In 2003, I was fighting my way through a brutal chemo regimen for a cancer that was attacking my lymph nodes. I had just come through a double transplant not too long before and a couple surgeries for more minor health issues. I was rundown and though grateful for all the blessings in my life, sick and tired of dealing with doctors and painful treatments and medications that made me feel worse instead of better.
About a month or so into my chemo treatments, I grabbed my friend Jackie and we went shopping for a wig. I was in a pretty good state of mind the evening we went and I chose Jackie to come with me as she has the ability to be brutally honest and unbelievably compassionate, and absolutely hilarious all rolled up in one. So off we went to the wig salon.
Upon arriving, we met our consultant, Charlene, who led us into a rather large room stocked with mannequin heads from wall to wall and floor to ceiling. I managed to find a couple that I thought would be good choices. Charlene chose a few of her own. For those of you who do not know me, my hair has been basically the same for most of my life . . . .usually on the shorter end, more wavy curly than straight, and brown. Though some like to think of me as a “subtle redhead”. Charlene’s choices for me were: a bold red long wavy cut; a dramatic long straight jet black cut with bangs; and a blonde bob.
Now I understand that in her mind, she may have been thinking, “let’s offer her something she is unlikely to try and let her see how good it looks!” OK. I was willing to play along. I don’t have to buy it and when else would I have the chance to try a different look without doing some serious damage to myself? So I went along with her game and kept smiling.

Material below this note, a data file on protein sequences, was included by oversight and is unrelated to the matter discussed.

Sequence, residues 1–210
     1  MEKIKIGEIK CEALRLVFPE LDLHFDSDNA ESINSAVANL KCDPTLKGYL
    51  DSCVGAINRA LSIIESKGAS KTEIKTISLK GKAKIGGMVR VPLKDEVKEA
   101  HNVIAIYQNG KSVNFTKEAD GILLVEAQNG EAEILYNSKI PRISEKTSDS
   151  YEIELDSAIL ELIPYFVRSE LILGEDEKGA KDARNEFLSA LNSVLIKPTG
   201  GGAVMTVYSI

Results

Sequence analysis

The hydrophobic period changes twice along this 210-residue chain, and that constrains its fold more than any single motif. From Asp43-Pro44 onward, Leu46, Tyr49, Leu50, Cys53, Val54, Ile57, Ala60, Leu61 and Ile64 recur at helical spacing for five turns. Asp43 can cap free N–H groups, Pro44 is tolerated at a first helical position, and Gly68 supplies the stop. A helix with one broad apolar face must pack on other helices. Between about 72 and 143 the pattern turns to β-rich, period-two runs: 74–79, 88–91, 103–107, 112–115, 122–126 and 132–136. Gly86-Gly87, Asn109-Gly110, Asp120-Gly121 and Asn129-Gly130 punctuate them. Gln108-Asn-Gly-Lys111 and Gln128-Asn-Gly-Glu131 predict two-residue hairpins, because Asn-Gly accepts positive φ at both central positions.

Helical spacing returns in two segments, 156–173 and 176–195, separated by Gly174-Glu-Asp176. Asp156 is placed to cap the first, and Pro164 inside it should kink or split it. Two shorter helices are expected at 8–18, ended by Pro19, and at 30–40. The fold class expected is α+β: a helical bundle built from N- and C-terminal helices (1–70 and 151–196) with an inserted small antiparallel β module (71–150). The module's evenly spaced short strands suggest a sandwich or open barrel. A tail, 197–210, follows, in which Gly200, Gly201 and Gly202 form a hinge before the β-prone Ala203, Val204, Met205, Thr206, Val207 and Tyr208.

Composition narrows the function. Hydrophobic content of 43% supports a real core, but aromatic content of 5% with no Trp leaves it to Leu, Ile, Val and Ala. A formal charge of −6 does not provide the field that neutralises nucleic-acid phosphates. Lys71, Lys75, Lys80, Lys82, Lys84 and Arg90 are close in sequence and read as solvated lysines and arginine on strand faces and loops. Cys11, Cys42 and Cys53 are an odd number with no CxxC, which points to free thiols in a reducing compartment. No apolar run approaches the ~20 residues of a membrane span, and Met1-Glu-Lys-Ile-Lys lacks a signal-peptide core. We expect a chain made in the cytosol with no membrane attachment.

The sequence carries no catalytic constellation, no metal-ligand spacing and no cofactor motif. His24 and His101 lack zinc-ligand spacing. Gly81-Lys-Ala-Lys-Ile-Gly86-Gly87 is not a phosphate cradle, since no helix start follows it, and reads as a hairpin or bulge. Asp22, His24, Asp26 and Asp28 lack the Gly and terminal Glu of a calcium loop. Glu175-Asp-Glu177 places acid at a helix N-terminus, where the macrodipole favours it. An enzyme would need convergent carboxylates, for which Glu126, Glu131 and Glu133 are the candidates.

I’m the kind of shopper that I can pretty much tell if I like something or think I will look good in it when I first see it. It is very rare that when I try something on, it is completely different than what I originally expected. The same held true for the wigs I picked to try. And for the wigs Charlene picked for me. I looked like a stripper in the red one, Cher’s long lost sister in the black one, and a 50s styled diner waitress in the blonde one. ICK! But I kept my sense of humor, thanked her for her choices and reached for the ones I had picked.
This is when I started to realize that Charlene was not one bit happy that I did not care for her choices. I put the first wig of my choice on, and although it wasn’t a great fit, it was okay. Charlene instantly listed three things she found “quirky” about the way I looked in the first wig. I listened to her opinions and reached for the second one. This one was also okay, but not completely what I had hoped for when I picked it off the shelf. I barely had it situated when Charlene began her rant of how ridiculous I looked. And, as you can probably guess, I started to lose my sense of humor and I could feel a few tears welling up in my eyes. My friend did the best she could to help me along and helped me put the last wig choice on my head. Before Charlene could say anything, my friend jumped in and told her that this situation was difficult on its own and she wasn’t being very compassionate or helpful (and this is why I chose her to come along with me!).
At this point, we got up, gathered our belongings and left the salon, without another word to Charlene. I managed to get to the car before completely breaking down in one of those really ugly cries. I knew it wouldn’t be an easy shopping trip. But I also knew it was “just hair” and mine would eventually grow back. However, a bit of compassion and some kind words, despite what she may have been thinking, would have been helpful coming from Charlene, especially since she didn’t know what my normal head of hair looked like.
When I got home that evening, I had a voicemail waiting for me from my friend, Liz. She was leaving the name and number of a woman who was also fighting cancer and thought it would be a good idea for the two of us to connect. After the experience I had just had, I didn’t feel much like hearing another cancer patient’s story and I deleted the voicemail and never thought about it again.
Until two weeks later . . . . .